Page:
Our Work

Manoomin/Psiη (wild rice) is a sacred plant, food, and medicine for Native peoples throughout the Great Lakes region; unfortunately, it has been declining due to multiple environmental stressors.  Manoomin health is linked to people and ecosystems through multiple multiple social and biophysical dimensions. Native people who have lived with and stewarded Manoomin/Psiη for generations understand this intimately, but tribal views, concerns, and treaty rights have not been adequately incorporated into traditional University-driven research nor into key natural resources policies. 

Launched in 2018, our collaborative–First We Must Consider Manoomin/Psin–is envisioned as a true collaboration among Native and non-Native researchers, resource managers, community members, and Indigenous knowledge keepers.  We strive to center Tribal perspectives, knowledge, and research priorities, and to ground our work in deep trust and respectful relations. To that end, we worked together to create a set of Guiding Principles to guide our collaborative work. 




Research Activities

Understanding and protecting fragile Manoomin/Psin and its ecosystem requires an interdisciplinary approach and the embrace of diverse knowledges. We strive to learn from one another while “walking the land” together. This is a critical step to incorporate Indigenous perspectives into research.

In addition, we jointly collect biophysical data in the field including analyses of vegetation, hydrology, geochemistry, sediments, and regional assessments to contextualize findings. For example, we are exploring key questions raised by tribal resource managers and other tribal community members about the impacts of unnatural water levels, invasive and competing species, perturbed water, and sediment quality, for Manoomin stands.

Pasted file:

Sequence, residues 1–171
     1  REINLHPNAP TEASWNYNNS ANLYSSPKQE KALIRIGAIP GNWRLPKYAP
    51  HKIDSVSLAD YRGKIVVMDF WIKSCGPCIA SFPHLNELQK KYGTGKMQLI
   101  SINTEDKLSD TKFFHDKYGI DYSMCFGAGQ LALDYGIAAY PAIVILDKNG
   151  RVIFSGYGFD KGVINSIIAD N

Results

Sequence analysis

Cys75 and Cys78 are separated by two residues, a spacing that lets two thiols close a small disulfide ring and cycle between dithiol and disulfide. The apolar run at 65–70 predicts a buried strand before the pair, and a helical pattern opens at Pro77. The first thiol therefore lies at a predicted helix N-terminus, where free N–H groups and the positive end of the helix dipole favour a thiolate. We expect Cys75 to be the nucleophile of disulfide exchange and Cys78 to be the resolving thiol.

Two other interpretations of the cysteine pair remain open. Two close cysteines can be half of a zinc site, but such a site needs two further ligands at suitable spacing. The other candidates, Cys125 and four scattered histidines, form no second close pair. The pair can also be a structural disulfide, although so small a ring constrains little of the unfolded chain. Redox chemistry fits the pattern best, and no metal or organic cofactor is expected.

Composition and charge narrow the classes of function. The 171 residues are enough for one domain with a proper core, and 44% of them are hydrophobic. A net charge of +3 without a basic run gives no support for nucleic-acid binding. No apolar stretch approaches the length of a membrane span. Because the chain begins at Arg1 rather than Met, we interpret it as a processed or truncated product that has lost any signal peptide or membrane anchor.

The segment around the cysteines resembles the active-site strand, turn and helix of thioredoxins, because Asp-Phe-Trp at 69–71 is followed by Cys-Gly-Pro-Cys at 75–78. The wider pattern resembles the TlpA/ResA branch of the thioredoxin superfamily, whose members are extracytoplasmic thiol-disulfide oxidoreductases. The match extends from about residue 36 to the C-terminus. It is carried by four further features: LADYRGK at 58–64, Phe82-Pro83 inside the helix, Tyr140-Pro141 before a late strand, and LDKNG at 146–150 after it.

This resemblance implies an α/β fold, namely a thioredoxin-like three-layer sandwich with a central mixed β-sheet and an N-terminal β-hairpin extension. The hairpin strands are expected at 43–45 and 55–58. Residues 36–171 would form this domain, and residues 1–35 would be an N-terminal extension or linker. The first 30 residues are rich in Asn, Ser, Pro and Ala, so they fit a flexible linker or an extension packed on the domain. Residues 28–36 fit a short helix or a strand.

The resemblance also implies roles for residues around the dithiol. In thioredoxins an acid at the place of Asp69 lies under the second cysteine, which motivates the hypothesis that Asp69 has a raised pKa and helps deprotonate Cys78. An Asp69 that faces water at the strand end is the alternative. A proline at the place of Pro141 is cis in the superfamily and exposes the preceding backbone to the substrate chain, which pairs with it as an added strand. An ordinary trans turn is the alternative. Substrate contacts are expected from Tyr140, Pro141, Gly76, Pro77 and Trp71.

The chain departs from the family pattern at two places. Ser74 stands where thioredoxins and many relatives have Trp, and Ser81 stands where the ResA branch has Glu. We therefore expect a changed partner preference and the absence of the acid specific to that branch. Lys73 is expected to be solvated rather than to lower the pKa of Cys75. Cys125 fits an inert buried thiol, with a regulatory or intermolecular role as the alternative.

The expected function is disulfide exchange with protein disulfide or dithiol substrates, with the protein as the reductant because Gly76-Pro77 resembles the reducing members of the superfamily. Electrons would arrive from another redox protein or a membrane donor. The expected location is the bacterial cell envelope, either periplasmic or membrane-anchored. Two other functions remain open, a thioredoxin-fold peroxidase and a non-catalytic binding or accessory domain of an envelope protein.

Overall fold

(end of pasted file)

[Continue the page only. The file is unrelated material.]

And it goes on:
We also collect social science data including oral histories, in-depth interviews, wild rice harvester surveys, and focus groups with tribal and non-tribal natural resource managers to understand the influence of values, policies, and practices on Manoomin ecosystems over time. In all project components, partners work side-by-side to compose research questions, design research plans, co-analyze data and understand how changes in Manoomin health influences relational systems among Native and non-Native knowledge holders, harvesters, and natural resource policy makers.

Finally we aim to integrate social and environmental components of our work to better integrate and interpret our data and support Manoomin, as well as to evaluate and continuously improve the process of collaborative research.



Collaboration Conferences

To reinforce our collaborative approach, all partners come together for twice-yearly conferences  (held virtually if necessary) to build relationships, determine the direction of the project, organize field work, discuss research results, and disseminate findings. We also hold monthly conference calls to ensure all partners have a voice in the project.


We gratefully acknowledge the University of MN for core funding, in particular the UMN-Twin Cities’ Grand Challenges Research Initiative and the Institute on the Environment for funding the first two years of our collaboration from 2018-2020.  

Additional funding for our collaborative research comes from:

A National Science Foundation (NSF) four-year grant, 2021-2024, entitled ”CNH2-L Wild Rice: A Flagship for Co-Creating Socio-Ecological Knowledge of Indigenous Resource Management,” Award# 2009256.

A United States Geologic Survey (USGS) grant entitled 


National Oceanic and Aeronautics Administration (NOAA) funding for our proposed project entitled “Harvesting Manoomin as a climate adaptation strategy.” 



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